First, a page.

Eight NKY Sites on State Historic Preservation Tour
A new statewide heritage tourism program is underway and four Northern Kentucky counties are part of it.
Kentucky has more sites on the National Register of Historic Places than forty-six other states. To raise awareness, Preservation Kentucky launched Tour120, which references the state's 120 counties and which launches this weekend.
May is National Historic Preservation Month.
The program includes tours of historic residential, commercial, and public buildings.
The program's website features a page on each historic property featured.
“Tour120 compliments Louisville Water’s 159-year history,” said Kelley Dearing-Smith, vice president for communications and marketing at Louisville Water, a sponsor of the tour. “Since Louisville Water began in 1860, we’ve blended form and function. Our facilities not only produce some of the highest-quality drinking water in the United States, they’re also community landmarks.”
“For more that 75 years, JRA Architects has endeavored to bring awareness to thought-provoking architecture and the history of the towns and cities in which we work,” said Tim Graviss, AIA, JRA Architects, another sponsor. “This partnership with Preservation Kentucky and the Louisville Water Company allows us to share the talents of the local and regional owners, preservationist and craftsmen with our communities.”
"The main roads and backroads of the Commonwealth are filled with architectural treasures and interesting stories that attract history buffs and heritage tourism travelers seeking authentic experiences, unique surroundings and a genuine aesthetic special to each location. Our long-term goal for Tour120 is to have permanent members in all 120 counties," said Betsy Hatfield, Preservation Kentucky executive director. "Tour120.org will be the go-to site for people who love historic buildings and Kentucky history."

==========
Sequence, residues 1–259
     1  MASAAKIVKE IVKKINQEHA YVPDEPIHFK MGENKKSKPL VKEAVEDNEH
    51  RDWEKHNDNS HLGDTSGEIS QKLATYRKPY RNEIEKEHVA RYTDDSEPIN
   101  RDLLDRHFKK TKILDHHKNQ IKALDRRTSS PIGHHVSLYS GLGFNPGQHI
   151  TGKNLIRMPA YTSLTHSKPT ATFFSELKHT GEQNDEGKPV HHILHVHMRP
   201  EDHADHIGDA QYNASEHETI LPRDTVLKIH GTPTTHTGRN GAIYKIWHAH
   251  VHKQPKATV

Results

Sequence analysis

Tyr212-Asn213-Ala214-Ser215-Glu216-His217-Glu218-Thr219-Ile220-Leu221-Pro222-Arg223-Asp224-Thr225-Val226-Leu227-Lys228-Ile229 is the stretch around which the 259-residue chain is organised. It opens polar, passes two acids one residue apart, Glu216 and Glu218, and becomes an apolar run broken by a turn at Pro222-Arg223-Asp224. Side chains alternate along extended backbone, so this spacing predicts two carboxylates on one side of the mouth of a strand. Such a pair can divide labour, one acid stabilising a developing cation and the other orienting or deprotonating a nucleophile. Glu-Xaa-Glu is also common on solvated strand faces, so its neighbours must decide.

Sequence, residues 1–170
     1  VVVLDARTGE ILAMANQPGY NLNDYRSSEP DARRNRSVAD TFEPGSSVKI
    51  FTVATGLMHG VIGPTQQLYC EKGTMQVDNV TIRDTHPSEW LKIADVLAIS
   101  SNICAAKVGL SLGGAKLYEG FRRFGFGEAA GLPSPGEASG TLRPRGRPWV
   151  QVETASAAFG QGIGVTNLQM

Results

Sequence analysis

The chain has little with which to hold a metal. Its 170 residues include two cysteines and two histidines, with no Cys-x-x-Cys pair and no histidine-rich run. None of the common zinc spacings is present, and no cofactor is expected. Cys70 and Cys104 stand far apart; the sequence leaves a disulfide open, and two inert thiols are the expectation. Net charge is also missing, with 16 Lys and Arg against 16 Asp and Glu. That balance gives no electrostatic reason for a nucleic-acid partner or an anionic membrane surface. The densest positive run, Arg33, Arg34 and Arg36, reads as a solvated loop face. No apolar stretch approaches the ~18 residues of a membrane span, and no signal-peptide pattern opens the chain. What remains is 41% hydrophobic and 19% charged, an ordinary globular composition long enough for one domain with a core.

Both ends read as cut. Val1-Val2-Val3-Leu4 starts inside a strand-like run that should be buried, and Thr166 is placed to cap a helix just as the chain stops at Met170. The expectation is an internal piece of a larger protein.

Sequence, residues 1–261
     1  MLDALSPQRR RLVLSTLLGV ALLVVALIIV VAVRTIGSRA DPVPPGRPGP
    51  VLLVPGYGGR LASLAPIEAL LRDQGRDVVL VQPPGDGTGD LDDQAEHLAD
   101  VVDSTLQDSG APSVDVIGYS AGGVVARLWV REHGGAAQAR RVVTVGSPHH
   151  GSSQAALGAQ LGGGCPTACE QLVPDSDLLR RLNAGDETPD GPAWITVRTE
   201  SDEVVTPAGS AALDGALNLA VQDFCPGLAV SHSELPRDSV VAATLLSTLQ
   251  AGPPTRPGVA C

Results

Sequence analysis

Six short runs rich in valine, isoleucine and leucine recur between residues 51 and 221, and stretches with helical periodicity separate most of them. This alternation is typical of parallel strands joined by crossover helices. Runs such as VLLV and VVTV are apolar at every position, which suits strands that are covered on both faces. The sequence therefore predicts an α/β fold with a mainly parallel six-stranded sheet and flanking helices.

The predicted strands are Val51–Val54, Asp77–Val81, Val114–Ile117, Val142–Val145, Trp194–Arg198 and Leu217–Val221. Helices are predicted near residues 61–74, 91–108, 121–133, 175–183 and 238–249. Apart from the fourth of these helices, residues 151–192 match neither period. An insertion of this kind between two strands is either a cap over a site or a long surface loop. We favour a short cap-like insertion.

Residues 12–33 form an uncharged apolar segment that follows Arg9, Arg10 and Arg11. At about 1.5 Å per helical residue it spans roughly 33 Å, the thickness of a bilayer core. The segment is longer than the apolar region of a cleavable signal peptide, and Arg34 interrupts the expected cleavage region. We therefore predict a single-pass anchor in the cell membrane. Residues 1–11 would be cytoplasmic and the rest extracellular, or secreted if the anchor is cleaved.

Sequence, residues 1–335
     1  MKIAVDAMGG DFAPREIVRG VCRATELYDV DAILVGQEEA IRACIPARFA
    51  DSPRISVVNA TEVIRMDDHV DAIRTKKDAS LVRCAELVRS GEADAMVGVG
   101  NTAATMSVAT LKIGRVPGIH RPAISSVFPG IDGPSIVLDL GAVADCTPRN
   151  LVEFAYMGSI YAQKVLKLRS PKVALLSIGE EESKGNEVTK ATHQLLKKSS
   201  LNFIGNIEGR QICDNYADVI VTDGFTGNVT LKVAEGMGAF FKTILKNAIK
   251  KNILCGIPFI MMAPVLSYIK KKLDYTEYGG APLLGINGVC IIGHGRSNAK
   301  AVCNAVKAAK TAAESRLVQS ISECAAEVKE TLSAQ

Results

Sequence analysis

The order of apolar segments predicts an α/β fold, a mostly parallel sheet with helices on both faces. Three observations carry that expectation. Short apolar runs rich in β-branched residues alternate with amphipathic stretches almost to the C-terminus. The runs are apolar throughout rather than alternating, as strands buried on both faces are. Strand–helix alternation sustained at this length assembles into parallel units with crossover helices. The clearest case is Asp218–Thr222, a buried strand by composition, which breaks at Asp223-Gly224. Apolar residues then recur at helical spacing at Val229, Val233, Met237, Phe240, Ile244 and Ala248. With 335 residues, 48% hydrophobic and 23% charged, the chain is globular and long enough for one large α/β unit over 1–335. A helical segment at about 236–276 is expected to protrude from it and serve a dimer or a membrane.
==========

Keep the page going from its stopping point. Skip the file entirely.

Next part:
Nineteen Kentucky counties are participating in the first Tour120 and some will highlight sites not typically open to the public. Louisville Water Company will open its 1879 Gothic Revival Gatehouse at the Crescent Hill Reservoir for a special tour.
In Northern Kentucky, visitors can see:
Kenton County: Baker Hunt Art & Cultural Center and Porter Fallis House (pictured above).
Campbell County: Newport History Museum @ Southgate School, East Row Stained Glass Walking Tour, and General James Taylor Mansion.
Gallatin County: Hawkins Kirby House
Grant County: William Arnold Long Home and Historic Sherman Tavern
“Preservation Kentucky has been a great partner to our Cabinet, and we are excited to join them in building momentum for Tour120,” said Regina Stivers, Deputy Secretary of the Tourism, Arts, and Heritage Cabinet. “Whether you are in a big city or a small town, Kentucky has an abundance of unique and beautiful places to help illustrate our rich history. It is important to preserve these structures so that they remain destinations for generations to come.”
“We are delighted to work with Preservation Kentucky to further promote heritage tourism in the state through the Tour120 program,” said Kristen Branscum, Commissioner of the Kentucky Department of Tourism. “Our historic buildings across the Commonwealth play a significant role in telling Kentucky’s story; they are landmarks that have helped shape our communities for generations.”
"Kentucky's architectural heritage is just as rich as that of Charleston or Savannah, among others,” said Grady Walter, Preservation Kentucky Board Chair. “Here, it's more difficult to promote because it is spread across the Commonwealth. We want people to take notice of what we offer."